Price of a Stamp

Stamps are going up in price. Again. The lady at the post office seemed as upset as everyone else. Nine pence on First Class and a penny on Second. Furthermore, Royal Mail isn’t waiting until March, its usual date for price-rises, but the first of January. This puts the price of a first class stamp to a whopping 85 pence. Here’s the official reason:

Letter volumes have fallen 28% in the six months to September 27, compared with the previous 12 months.

Therefore, prices must rise. Interesting model. Imagine I’m the keeper of video shop. Let’s say that fewer people are watching VHS, preferring DVDs, Blu-Ray and streaming; they aren't therefore buying my tapes. Whereas I might once have sold 50 videos in a week, I am now selling only 20. No problem, says I. Instead of charging ten pounds per video, I’ll charge fifteen. This will make more money from the fewer customers I have.

I’d go bust.

Rather than responding to the changing communications market with lower prices, Royal Mail is upping them. If I were a gambling man, I’d wager that stamped mail will decline even further. If the current 76p puts me off sending a letter, I doubt 85p will do much to change my mind. It’s almost as though the big bosses at Royal Mail are actually wanting their business to fail, or trends away from sending letters to intensify. I’ve already cut down my Christmas card list; at these prices, 2021’s is unlikely to have any members at all. What then will Royal Mail do? Put up the cost of a stamp to thirty quid? Bizarre.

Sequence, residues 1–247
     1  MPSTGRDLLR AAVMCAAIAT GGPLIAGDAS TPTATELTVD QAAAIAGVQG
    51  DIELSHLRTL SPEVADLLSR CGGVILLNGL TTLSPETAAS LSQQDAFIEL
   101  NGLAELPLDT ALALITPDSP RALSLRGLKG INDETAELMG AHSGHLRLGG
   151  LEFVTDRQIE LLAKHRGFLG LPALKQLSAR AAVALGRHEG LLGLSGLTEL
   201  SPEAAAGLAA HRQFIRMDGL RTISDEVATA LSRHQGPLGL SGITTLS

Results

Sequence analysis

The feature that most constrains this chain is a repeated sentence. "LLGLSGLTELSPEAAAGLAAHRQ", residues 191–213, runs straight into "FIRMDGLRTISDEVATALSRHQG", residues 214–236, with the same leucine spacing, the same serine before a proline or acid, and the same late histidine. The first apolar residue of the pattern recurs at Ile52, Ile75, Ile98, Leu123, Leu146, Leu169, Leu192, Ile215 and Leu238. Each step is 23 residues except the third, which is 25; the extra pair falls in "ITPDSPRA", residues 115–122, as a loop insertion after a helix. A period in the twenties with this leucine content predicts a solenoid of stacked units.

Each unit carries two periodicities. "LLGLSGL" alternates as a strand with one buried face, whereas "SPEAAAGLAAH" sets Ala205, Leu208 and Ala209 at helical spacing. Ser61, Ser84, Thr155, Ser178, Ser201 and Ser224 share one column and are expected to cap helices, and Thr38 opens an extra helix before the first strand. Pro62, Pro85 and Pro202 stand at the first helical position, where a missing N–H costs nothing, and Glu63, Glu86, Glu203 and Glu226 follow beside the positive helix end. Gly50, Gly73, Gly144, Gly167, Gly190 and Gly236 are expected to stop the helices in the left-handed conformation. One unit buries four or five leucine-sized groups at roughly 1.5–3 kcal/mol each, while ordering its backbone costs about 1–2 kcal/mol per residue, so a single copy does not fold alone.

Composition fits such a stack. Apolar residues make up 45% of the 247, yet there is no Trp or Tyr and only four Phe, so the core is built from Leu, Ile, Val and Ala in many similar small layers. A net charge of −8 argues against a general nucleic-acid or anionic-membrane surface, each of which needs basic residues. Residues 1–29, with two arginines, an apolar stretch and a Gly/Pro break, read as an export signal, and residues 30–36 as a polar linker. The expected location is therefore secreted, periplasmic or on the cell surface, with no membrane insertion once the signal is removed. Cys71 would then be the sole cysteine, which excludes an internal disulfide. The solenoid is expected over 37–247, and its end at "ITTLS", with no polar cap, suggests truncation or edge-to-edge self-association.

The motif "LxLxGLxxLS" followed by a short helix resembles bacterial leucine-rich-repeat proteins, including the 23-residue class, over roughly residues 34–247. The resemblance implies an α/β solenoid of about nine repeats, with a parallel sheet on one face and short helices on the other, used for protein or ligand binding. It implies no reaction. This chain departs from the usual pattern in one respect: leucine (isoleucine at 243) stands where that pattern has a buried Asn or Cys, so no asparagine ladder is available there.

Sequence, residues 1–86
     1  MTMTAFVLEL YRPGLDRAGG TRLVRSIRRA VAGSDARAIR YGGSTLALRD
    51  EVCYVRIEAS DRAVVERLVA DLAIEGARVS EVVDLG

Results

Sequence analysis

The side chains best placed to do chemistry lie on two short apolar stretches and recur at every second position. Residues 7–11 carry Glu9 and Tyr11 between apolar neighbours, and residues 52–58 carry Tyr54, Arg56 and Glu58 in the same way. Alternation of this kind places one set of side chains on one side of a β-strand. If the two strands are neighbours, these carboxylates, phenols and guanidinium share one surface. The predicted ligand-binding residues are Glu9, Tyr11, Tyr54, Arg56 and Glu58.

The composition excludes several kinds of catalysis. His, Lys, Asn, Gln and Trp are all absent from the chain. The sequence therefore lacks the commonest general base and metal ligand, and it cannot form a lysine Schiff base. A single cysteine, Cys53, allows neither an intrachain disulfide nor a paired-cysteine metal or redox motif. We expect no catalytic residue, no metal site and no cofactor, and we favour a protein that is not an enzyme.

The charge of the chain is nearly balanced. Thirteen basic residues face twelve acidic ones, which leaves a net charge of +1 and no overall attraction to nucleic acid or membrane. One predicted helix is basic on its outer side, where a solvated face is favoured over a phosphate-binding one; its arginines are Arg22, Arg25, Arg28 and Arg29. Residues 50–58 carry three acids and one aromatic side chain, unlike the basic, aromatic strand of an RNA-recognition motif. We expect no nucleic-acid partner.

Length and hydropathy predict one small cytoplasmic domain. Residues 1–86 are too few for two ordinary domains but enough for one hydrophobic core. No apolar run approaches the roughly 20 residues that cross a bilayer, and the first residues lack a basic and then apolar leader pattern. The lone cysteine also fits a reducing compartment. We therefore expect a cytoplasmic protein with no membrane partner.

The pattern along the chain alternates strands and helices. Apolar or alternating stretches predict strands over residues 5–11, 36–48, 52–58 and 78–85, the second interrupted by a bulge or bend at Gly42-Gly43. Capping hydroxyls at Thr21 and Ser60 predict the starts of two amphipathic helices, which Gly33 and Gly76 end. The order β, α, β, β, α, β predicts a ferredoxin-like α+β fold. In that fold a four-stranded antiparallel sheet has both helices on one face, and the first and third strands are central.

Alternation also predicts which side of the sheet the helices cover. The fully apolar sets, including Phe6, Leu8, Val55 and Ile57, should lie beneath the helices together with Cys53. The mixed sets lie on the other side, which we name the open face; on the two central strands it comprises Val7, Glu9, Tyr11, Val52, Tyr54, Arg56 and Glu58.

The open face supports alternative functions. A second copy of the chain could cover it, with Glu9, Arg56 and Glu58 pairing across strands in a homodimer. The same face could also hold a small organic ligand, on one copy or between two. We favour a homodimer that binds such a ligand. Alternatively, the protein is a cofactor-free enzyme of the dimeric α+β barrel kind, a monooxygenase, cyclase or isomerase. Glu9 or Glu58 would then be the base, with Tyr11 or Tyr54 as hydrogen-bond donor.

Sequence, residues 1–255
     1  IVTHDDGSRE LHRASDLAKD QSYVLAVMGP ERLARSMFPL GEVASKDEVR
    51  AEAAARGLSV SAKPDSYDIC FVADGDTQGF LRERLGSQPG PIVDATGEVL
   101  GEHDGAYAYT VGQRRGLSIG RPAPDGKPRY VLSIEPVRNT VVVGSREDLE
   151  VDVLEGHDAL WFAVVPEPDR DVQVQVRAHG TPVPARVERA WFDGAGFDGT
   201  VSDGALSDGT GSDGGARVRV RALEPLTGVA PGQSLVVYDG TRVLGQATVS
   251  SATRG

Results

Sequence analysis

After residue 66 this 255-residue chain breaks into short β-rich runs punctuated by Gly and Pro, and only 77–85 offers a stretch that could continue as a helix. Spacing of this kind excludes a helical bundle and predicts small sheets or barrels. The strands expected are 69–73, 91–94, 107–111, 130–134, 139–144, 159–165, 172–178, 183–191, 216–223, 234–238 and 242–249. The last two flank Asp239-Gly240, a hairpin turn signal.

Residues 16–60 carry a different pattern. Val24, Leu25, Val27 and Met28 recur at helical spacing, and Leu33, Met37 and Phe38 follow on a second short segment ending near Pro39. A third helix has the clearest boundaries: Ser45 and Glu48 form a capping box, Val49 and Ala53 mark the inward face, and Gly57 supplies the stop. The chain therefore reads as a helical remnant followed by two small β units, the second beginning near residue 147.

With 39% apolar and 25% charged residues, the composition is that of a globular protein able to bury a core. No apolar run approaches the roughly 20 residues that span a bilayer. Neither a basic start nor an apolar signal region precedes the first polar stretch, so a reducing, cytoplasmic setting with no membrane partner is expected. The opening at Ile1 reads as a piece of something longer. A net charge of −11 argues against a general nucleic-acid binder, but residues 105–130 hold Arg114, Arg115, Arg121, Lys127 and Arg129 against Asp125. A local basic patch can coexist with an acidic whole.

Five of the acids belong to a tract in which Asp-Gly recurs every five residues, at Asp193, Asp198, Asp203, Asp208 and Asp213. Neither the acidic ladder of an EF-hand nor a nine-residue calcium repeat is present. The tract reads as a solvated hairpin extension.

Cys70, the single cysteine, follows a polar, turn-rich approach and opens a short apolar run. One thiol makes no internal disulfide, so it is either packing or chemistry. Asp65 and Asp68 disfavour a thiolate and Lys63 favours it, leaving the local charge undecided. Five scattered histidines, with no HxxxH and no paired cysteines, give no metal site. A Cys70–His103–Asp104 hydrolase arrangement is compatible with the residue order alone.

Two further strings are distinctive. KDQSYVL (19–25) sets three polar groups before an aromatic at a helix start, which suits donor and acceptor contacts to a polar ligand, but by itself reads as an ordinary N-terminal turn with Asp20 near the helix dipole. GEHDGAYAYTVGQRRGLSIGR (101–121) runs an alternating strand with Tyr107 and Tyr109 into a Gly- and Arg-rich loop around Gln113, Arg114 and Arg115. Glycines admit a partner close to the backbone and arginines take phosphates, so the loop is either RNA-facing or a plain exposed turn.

The laws of supply and demand usually succeed is establishing the correct value of a product, service or currency. The more people want something, the dearer it becomes; the more readily available it is, and the less people want it, the lower its price. This is why homes close to London are expensive, and homes next to noisy, smog-belching factories are cheap. When it comes to houses, socks and carrots, we understand this. When it comes to our immortal souls, we have as much insight as a Royal Mail economic strategist. The Lord asks in Matthew 16:26:

For what profit is it to a man if he gains the whole world, and loses his own soul? Or what will a man give in exchange for his soul?

Souls are precious- they can be lost, but never recovered; exchanged but never accumulated. We value highly cars, diplomas, jewellery and stocks, but that most precious thing we have we deny or sell cheap. If Royal Mail’s clever strategy fails to boost company profits, jobs will go (through not, I suspect, from the Boardroom). If your soul is exchanged at a loss, what then?

Image by fjbfaraco from Pixabay